Once the desired mold-preform orientation is achieved material for forming the cast layer is dispensed into the mold and cured to form the cast layer. Suitable materials for use in the process include, without limitation, those disclosed in U.S. Pat. No. 5,470,892, incorporated in its entirety herein by reference. Additional suitable monomers include, without limitation, allyl and bis(allyl) carbonates, such as diethylene glycol bis(allyl) carbonate, bisphenol A diallyl carbonate, and the like, acrylic acid, multi-functional acrylates and methacrylates, such as ethylene glycol diacrylate, tetraethylene glycol diacrylate, tripropylene glycol diacrylate, trimethylolpropane triacrylate, tetrahydrofurfuryl methacrylate, tetrahydrofurfuryl acrylate, hexanediolmethacrylate, methyl methacrylate, butyl methacrylate, propyl methacrylate, penterythritol tetraacrylate, urethane acrylates and methacrylates, styrene and styrene derivatives such as divinyl benzene, 4-vinyl anisole, various esters or maleic and itaconic acids, methacrylic and acrylic anhydrides and the like, and combinations thereof. Such monomers are commercially available or methods for their production are known. Materials suitable for use for the preform are those above-listed for use as spectacle lens material.

Curing of the dispensed material may take place by any conventional means including, without limitation, thermal cure, radiation cure, visible light cure, and combinations thereof. Preferably, ultra-violet cure is used, more preferably a two-stage UV cure in which the mold is exposed to low intensity and then high intensity ultraviolet light.

In another embodiment, the prism is introduced at the interface of two layers of a lens, each layer preferably being of a different refractive index. The amount of the prism may be one of constant over the entire lens area, have a constant value above the x-axis, have a different constant value below the x-axis, have a blended discontinuity across the x-axis, gradually change in a smooth, monotonic manner from the fitting point to the near vision zone of the lens, or combinations thereof. In embodiments in which the magnitude, or amount, of the added prism changes from the fitting point to the near vision zone, the change must be gradual so as to avoid introduction of unwanted astigmatism into the progressive addition channel. The magnitude of the added prism must take into account the refractive index difference between the two layers according to standard optical principles. Placing the prism at an internal interface is advantageous in that it permits independent control of the amount of prism in the distance and near viewing zones and simplifies the lens' manufacture.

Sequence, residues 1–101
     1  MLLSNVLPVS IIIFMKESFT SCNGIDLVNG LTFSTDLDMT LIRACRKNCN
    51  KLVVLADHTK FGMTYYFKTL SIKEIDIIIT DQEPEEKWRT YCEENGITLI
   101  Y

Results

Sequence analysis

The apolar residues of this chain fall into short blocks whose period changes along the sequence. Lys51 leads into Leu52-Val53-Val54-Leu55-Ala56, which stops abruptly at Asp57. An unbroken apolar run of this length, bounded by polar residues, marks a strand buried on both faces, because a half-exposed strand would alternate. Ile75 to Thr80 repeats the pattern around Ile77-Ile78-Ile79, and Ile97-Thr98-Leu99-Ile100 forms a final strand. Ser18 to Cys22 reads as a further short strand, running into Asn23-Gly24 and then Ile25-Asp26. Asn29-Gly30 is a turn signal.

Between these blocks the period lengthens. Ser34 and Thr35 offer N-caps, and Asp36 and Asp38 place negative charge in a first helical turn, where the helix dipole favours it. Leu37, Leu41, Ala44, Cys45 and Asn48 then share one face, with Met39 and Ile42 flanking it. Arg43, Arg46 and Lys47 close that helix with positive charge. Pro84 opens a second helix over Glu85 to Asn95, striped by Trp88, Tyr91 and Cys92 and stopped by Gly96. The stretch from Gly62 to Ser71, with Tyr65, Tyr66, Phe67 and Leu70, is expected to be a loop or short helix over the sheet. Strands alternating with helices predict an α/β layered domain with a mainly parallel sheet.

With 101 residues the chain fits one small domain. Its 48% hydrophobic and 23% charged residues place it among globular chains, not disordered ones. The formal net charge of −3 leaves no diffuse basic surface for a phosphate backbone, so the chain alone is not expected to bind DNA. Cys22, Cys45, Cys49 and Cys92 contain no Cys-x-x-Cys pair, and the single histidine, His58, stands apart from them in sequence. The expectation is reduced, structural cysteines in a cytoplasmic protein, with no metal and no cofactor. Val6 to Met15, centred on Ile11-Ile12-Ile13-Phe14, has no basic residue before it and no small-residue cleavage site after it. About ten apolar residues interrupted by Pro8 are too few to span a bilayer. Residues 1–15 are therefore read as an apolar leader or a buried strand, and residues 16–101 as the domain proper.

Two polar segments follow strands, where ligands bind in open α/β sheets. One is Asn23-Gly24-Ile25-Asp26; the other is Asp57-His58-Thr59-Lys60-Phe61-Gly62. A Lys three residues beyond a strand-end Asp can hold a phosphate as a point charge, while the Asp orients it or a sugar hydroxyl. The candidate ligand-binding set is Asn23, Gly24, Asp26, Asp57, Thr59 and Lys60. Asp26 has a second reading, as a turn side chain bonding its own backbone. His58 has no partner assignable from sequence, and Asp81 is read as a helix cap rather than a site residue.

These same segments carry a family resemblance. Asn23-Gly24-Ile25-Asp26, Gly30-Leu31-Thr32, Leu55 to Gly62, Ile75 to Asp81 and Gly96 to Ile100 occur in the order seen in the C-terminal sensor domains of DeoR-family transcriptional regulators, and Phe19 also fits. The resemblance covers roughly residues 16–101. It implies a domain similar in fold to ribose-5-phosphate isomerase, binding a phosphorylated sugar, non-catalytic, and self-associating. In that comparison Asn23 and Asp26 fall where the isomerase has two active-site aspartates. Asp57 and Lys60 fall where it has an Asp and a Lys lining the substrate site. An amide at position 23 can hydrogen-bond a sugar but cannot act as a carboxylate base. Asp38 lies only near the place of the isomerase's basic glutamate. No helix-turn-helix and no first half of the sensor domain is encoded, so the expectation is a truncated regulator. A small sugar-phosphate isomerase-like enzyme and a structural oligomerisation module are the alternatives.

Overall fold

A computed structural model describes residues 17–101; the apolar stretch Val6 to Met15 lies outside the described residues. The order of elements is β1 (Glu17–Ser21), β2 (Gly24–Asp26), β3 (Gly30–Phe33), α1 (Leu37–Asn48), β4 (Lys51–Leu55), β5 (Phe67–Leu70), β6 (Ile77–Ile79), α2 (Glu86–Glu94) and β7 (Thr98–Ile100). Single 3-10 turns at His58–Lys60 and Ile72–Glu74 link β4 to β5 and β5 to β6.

The invention will be clarified further by a consideration of the following, non-limiting examples.

EXAMPLES Example 1

In FIG. 3 is shown a progressive addition lens 30 having a portion of the total lens add power on the convex surface 35 and another portion on the concave surface 36. The lens of this example was formed by casting a progressive addition surface onto the convex surface of an optical preform. A lens having a total add power of 2.25 diopters was produced with the concave surface having an add power of 0.75 diopters and the convex surface an add power of 1.50 diopters. A lens with a total add power of 1.50 diopters was produced with the concave surface having an add power of 0.75 diopters and the convex surface an add power of 0.75 diopters. The solid lines 31 and 32 are the ray traces of the distance and near line of sight, respectively. Dotted line 33 depicts the shape of the lens in the case that the lens is a single vision lens and dotted line 34 shift in the ray trace for the single vision lens. Table 1 shows the horizontal and vertical prism powers of lenses such as lens 30 without added prism. For the 2.25 diopter add power lenses the unprescribed vertical prism in the near zone ranges between 0.65 and 1.12 base up prism diopters. For the 1.50 diopter add power lenses the unprescribed vertical prism in the near zone ranges between 0.49 and 0.59 base up prism diopters.

TABLE 1
Distance Distance
Near Vision Near Vision Vision Vision
Zone Zone Zone Zone
Unprescribed Unprescribed Unprescribed Unprescribed
Horizontal Vertical Horizontal Vertical
Add Power; Prism; Prism; Prism; Prism;
Left or Right Direction Direction Direction Direction
2.25 diopters 0.05 D 1.12 D 0.12 D 0.92 D
Right out up in down
2.25 diopters 0.06 D 0.65 D 0.12 D 0.92 D
Left in up in down
2.25 diopters 0.10 D 1.06 D 0.14 D 0.57 D
Right in up out down
2.25 diopters 0.03 D 0.78 D 0.04 D 0.59 D
Left in up out down
1.50 diopters 0.18 D 0.49 D 0.16 D 0.35 D
Right in up out down
1.50 diopters 0.14 D 0.50 D 0.04 D 0.59 D
Left in up out down
1.50 diopters 0.05 D 0.59 D 0.45 D 0.37 D
Right in up in down
1.50 diopters 0.15 D 0.57 D 0.32 D 0.45 D
Left in up out down

FIG. 4 shows progressive addition lenses 40 produced with convex surface 45 tilted to produce base down prism. These lenses were formed by casting a progressive addition surface onto an optical preform. Vertical prism was added to the lenses by tilting the glass mold used to cast the progressive addition surface B degrees in relation to the preform about the preform's x axis, given by the formula:

B={1/(n−1)]×arc tan(P/100)  (I)